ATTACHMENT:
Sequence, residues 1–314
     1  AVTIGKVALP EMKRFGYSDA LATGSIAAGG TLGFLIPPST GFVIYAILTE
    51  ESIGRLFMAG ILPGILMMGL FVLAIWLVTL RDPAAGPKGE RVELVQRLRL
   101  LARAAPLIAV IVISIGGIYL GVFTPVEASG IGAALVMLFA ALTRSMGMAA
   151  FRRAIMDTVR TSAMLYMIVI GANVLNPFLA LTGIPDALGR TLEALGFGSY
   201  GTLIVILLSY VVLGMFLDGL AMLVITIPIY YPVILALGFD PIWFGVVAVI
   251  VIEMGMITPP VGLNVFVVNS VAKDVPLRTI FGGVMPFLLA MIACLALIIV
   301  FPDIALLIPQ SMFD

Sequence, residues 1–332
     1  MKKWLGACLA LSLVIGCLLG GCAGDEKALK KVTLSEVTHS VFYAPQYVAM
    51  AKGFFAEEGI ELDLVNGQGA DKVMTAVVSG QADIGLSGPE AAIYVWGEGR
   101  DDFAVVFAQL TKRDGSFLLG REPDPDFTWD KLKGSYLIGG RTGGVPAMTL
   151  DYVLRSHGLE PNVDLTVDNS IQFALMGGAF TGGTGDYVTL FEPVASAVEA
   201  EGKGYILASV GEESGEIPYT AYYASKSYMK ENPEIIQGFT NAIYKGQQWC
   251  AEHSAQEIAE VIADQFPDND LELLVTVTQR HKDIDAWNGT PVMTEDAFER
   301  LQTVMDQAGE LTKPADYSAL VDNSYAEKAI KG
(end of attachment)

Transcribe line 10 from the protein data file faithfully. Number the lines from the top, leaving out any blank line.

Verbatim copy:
     1  MKKWLGACLA LSLVIGCLLG GCAGDEKALK KVTLSEVTHS VFYAPQYVAM